A variety of nutritious holiday bird treats are very simple to create, and offer the added advantage of keeping your pets occupied and engaged (a plus for you and them!). The ingredients of those listed below can be modified to suit pets ranging from finches to macaws, and outdoor visitors of all sizes and shapes.
Stuffed Pine Cones
Pine cones are an old holiday standby for both pet and wild birds, and are used in zoo enrichment activities as well. What’s more, they offer one of the quickest options for those beset with holiday chores (or, should I say, other joyous activities!). Simply jam the pine cones’ nooks and crannies with natural peanut butter, and roll in dried fruit, seeds, nuts, crushed popcorn or other goodies.
Peanut Butter Balls
Another tried and true favorite, peanut butter balls are great for those without pine-cone collecting or cooking skills. Just mix natural peanut butter together with seeds, nuts, dried fruits, crushed popcorn, whole grain cereal (Fiber One, Grape Nuts) and similar items and roll into appropriately-sized balls.
These are also a great way of tricking picky eaters into accepting pellets, which are rendered tastier by the peanut butter. Try adding some Egg Food to beef up the protein content…it imparts a nice consistency to the mix as well.
Fruit and Nut Cake
This take-off on a one of our own (somewhat maligned!) holiday specialties can be made in any number of ways. Whole grain pancake batter, eggs (with ground shells included if possible), yogurt, chopped fruit, nuts and seeds serves well as a basic recipe for many species.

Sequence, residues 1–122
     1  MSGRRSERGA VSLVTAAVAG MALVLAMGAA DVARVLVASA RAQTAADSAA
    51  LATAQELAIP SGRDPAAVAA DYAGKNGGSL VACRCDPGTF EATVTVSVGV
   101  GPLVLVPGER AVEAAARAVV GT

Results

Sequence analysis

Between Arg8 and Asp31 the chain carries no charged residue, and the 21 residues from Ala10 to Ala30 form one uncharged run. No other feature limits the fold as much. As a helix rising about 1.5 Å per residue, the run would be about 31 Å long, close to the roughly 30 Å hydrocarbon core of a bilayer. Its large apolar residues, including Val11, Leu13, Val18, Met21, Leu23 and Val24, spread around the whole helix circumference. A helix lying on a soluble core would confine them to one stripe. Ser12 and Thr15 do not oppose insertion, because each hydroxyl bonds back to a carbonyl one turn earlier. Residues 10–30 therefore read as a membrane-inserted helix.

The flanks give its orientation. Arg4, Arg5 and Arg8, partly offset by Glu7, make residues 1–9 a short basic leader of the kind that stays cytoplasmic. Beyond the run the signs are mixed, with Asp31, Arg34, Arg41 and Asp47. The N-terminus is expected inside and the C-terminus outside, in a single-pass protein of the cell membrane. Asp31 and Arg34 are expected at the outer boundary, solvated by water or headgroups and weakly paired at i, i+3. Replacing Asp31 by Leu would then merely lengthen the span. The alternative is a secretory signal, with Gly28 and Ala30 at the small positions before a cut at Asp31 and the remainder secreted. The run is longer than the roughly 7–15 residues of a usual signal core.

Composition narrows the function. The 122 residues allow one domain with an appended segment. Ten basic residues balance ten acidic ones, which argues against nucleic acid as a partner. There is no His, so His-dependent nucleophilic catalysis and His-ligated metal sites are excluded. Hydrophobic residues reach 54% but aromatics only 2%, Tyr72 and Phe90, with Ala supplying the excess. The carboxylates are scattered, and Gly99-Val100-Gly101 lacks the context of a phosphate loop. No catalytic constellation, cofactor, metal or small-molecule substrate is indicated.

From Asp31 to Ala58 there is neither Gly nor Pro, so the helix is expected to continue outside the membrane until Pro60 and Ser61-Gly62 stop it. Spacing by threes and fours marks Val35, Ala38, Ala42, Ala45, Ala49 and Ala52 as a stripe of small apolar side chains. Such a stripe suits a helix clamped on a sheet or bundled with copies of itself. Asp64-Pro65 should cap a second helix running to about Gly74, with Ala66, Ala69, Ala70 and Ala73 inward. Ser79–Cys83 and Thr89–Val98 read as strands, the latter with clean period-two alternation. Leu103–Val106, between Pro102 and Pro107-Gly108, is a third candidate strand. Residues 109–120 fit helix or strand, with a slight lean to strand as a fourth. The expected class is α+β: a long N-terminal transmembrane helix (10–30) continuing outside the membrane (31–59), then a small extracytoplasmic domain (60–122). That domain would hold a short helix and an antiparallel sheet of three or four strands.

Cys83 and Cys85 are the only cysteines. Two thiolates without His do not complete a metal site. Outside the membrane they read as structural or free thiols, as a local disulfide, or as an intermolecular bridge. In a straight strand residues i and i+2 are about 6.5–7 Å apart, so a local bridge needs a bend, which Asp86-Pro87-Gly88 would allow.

Mix or blend all, spoon into a baking dish or tray, and cook at 350-400 F until brown. An endless variety of mixes can be used, and it really takes very little cooking skill to turn out a decent treat.
Wild Birds, Squirrels and Other Visitors
Wild animals cannot afford to be as picky as pets, and will accept just about anything you care to offer. I especially like to provision used Christmas trees with all sorts of snacks…the tree can be used long after the holidays, and recycled afterwards. If possible, “plant” your tree or otherwise arrange it in an upright position – this will provide you with host of amusing observations.
Peanuts (tied together and to the tree if you have patience), peanut butter, pine cones, suet, over-ripe fruit, leftover cakes and much more can be attached to or simply wedged among the branches to impart a holiday feel to your outdoor feeding area.
Furred residents such as rabbits, squirrels (watch at night for flying squirrels) and voles will appreciate a food-laden Christmas tree as well. This year I’m visited most evenings by a huge opossum…it is no trouble at all (like most, it’s quite “laid back”), but be aware that rats, bears, raccoons and deer can be problematical or even dangerous. Leaving no food about at night will deter some, but not all, unwanted visitors (please write in for further info).
Our wild bird “gifts” are specially formulated to supply the high energy, protein-rich foods that outdoor birds need to survive winter’s onslaught.